Locally responsive and adaptable approaches to education are both more easily scalable and more resilient in crises.
This is a guest blog from a member of RISE's Community of Practice, a group of implementers working to share lessons and experiences about how to address the learning crisis and improve children’s learning around the world.
The COVID-19 pandemic has underscored the need for school systems to be prepared to adapt to altered circumstances around the world—from infectious diseases to severe weather, from sea-level rises to conflict. Yet school systems are typically rigid in their structure: brick-and-mortar buildings in locations that suit systemwide planning rather than localised needs; traditionally trained teachers providing standard courses of instruction; students expected to be in class on a long-established schedule. BRAC’s experience teaching more than 14 million students in Bangladesh over close to four decades has taught it to embrace flexibility as a core element of its school system. Reflecting on the evolution of that flexibility offers insights that we hope can benefit education globally, as much has evolved even since COVID-related school closures were lifted.
BRAC’s work in education began in the 1980s when 40 percent of Bangladesh’s primary-age children were not in school, half the students who enrolled dropped out, and only 30 percent went on to complete primary education. BRAC responded by creating an extensive, highly flexible network of one-room schools with teachers recruited and trained locally. At its peak, in 2009, the network had 64,000 schools and 1.8 million students.
Key ingredients of the approach include renting one-room primary schools (to avoid capital costs); opening a school in every community (to ensure easy access), recruiting and training women as teachers in each community (to ensure the safety of girls and the availability of teachers), and adapting the school schedule so students could still fulfil needed responsibilities at home. Local women were trained to teach Grades 1 through 5, with up to 30 children per classroom rather than 50–60.
Students took standard national exams, but the teaching and curriculum were different, given that many students were the first in their families to go to school. BRAC’s approach centred around joyful instead of rote learning, integrated extra-curricular activities such as performing and fine arts, and prioritised girls—so they totalled 70 percent of students. From the outset, it included a formative assessment system which enabled teachers to understand students’ learning gaps and take appropriate measures early. The approach resulted in students performing at levels that exceeded those of traditional schools.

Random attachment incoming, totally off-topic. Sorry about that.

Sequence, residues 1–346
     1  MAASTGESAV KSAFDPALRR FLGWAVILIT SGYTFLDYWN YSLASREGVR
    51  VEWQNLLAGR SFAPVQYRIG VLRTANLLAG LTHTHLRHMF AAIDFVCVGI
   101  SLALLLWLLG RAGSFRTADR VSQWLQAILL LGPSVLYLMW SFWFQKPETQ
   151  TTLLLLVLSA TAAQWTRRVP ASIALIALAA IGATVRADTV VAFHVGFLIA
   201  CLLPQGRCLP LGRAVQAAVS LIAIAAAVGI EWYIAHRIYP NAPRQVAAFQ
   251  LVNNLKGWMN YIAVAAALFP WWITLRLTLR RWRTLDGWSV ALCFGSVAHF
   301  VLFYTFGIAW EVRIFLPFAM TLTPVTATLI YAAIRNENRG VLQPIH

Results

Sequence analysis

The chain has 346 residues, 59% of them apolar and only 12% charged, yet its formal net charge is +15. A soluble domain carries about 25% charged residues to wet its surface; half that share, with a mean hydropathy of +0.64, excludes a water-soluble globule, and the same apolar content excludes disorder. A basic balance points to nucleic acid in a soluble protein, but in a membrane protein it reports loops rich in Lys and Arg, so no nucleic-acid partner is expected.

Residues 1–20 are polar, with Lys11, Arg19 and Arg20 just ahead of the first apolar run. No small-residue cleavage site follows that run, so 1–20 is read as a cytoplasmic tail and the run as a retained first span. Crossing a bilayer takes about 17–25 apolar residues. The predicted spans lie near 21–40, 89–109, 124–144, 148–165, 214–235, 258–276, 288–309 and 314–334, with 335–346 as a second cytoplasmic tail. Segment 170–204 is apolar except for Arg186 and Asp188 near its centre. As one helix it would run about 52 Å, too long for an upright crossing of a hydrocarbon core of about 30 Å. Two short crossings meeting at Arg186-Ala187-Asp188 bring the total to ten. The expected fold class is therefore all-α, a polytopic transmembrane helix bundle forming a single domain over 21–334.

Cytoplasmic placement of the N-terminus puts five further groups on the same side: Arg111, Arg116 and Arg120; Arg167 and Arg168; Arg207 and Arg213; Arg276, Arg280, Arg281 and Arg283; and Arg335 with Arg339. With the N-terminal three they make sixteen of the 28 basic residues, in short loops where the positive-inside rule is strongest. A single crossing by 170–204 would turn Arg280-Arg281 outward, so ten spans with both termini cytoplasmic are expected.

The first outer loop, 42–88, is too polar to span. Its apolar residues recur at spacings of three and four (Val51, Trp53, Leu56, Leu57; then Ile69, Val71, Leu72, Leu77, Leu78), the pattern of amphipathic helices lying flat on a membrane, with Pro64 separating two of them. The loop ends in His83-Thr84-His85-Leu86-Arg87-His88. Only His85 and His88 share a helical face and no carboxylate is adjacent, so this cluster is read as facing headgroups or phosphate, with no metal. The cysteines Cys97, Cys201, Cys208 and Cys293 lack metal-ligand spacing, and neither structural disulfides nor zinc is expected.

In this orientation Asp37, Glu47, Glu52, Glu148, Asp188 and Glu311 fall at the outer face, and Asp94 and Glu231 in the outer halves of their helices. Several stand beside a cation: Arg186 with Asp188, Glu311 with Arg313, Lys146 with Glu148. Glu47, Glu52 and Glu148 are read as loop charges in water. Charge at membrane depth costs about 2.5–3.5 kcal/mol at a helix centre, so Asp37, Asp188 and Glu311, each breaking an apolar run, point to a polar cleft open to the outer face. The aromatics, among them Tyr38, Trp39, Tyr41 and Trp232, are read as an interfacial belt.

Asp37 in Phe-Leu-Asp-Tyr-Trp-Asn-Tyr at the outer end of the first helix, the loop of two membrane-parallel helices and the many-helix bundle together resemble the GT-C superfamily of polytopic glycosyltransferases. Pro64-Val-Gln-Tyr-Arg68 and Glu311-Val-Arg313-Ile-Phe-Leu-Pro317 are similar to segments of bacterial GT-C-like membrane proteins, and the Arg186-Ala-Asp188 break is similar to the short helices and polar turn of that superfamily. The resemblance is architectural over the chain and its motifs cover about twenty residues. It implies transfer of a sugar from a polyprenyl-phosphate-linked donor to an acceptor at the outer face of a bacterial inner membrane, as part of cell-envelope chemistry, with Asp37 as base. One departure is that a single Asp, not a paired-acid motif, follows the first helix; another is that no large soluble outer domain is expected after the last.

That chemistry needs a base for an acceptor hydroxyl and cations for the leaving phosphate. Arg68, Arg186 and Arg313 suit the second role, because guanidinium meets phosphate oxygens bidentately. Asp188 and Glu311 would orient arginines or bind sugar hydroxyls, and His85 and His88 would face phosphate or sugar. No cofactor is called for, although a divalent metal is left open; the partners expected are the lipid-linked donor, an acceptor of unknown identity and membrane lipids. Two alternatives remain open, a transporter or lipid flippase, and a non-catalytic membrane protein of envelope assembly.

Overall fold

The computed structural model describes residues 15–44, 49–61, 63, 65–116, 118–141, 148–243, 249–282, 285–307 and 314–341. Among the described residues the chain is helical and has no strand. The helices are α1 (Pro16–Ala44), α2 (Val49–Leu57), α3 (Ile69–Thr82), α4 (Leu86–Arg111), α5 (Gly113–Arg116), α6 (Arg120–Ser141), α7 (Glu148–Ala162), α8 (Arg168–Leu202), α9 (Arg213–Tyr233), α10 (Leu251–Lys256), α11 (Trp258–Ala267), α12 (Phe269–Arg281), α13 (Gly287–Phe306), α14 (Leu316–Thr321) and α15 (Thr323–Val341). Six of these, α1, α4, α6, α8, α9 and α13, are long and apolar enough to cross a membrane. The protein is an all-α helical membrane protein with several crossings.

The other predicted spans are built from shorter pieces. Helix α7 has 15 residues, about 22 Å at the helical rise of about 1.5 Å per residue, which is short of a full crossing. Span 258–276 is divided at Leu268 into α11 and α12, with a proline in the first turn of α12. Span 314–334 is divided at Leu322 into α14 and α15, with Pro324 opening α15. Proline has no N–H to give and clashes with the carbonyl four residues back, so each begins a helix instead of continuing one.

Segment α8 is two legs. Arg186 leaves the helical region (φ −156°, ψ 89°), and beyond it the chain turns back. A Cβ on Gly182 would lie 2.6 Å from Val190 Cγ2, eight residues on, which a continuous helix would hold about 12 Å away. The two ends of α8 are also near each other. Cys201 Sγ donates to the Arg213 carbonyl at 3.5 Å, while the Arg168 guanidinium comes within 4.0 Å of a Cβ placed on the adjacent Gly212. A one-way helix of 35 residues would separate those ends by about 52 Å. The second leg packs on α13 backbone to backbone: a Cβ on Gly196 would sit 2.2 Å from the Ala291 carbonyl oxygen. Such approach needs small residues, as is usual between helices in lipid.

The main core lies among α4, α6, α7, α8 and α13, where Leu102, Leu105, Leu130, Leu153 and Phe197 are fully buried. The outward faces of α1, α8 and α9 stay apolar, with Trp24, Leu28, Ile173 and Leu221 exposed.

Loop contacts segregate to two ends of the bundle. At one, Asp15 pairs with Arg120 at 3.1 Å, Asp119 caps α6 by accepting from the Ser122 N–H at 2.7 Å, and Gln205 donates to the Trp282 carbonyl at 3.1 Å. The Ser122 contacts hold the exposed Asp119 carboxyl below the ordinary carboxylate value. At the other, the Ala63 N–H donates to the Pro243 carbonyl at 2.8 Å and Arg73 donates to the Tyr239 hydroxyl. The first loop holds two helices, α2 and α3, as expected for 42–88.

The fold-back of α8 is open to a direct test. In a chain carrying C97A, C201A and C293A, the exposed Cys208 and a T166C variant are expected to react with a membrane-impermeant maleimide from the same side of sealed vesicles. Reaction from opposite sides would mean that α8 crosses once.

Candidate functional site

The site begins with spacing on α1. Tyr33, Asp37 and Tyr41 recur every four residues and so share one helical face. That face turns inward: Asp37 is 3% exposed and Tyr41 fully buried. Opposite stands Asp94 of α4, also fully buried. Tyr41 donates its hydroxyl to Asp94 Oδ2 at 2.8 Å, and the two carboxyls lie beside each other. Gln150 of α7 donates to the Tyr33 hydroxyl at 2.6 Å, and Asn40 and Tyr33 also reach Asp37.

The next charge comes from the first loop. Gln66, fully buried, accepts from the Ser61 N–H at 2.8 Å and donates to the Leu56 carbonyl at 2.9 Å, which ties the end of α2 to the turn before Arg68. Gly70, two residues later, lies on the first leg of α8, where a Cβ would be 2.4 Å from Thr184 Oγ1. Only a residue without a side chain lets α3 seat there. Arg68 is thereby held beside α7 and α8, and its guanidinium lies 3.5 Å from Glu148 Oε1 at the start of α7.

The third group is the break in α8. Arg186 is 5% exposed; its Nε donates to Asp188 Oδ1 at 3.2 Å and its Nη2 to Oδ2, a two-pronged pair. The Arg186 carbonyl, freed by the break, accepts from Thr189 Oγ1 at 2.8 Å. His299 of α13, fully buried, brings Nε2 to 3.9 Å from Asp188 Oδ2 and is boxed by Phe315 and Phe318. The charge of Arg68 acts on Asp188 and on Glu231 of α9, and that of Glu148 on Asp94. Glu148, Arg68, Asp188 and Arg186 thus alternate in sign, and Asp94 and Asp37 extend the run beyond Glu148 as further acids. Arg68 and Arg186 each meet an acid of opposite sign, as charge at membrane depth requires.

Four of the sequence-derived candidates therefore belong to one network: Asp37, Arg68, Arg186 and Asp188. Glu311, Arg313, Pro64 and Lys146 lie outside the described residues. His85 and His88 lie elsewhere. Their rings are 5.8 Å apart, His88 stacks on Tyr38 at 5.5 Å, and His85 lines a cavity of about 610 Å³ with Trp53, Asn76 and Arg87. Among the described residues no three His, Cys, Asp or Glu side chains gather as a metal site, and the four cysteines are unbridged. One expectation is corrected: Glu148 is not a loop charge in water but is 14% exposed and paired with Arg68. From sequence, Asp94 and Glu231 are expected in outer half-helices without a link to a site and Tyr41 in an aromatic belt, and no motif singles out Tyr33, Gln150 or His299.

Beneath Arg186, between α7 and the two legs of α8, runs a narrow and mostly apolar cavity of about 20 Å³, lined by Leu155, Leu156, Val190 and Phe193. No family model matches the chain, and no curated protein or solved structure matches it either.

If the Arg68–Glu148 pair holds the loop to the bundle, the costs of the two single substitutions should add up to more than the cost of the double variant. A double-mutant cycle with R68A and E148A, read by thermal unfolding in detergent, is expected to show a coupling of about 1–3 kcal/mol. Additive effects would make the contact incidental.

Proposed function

BRAC created its schools in the mid-1980s to augment traditional government primary schools. The limited number of government schools made access to education difficult for many children, particularly girls, who had to walk long distances and deal with related safety issues.
BRAC’s role in Bangladesh’s education landscape has since evolved, along with Bangladesh’s needs, but it continues to support the government in educating children who are out of school. As more government schools have opened, BRAC has shifted focus to remote areas, piloted new educational models in urban areas, and supported government schools through teacher training and digitising the primary curriculum.
This flexibility and the ability to rapidly mobilise have proven crucial in responding to the COVID-19 pandemic, which has posed multiple challenges through school closings, remote instruction, and the need to assess and address the needs of students when schools re-opened. In Bangladesh, school closures were among the longest in the world: 18 months.
Within two weeks of school closures, BRAC teachers were conducting one-on-one phone voice lessons. Within a month they were connecting to small groups through conference calls using non-smart mobile phones. When the lockdown was relaxed, teachers visited children in their local neighbourhoods and ran small group classes.
When schools reopened, teachers refocused on getting children back to school, and helping them adjust. As teachers had stayed connected to students, BRAC schools witnessed over 90 percent regular attendance and under 2 percent dropout. Initially, schools focused on well-being with joyful and fun activities and no lessons—to get students used to being back in school and enjoying it. Students were then assessed to determine their educational levels, and remedial classes were introduced to address learning gaps.